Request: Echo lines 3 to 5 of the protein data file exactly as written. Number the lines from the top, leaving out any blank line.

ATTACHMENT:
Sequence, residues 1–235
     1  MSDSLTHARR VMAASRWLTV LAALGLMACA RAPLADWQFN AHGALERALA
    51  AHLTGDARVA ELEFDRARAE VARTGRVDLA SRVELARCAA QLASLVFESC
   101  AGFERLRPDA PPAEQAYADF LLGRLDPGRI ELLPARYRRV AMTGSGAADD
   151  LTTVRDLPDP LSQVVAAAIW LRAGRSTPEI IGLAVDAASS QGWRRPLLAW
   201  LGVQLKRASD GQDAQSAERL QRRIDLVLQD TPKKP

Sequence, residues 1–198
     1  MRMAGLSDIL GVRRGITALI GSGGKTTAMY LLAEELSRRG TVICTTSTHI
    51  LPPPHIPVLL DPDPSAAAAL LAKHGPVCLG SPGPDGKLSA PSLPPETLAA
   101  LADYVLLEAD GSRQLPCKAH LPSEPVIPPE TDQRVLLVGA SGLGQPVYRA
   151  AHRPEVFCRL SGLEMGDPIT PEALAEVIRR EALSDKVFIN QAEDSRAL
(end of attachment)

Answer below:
    51  AHLTGDARVA ELEFDRARAE VARTGRVDLA SRVELARCAA QLASLVFESC
   101  AGFERLRPDA PPAEQAYADF LLGRLDPGRI ELLPARYRRV AMTGSGAADD
   151  LTTVRDLPDP LSQVVAAAIW LRAGRSTPEI IGLAVDAASS QGWRRPLLAW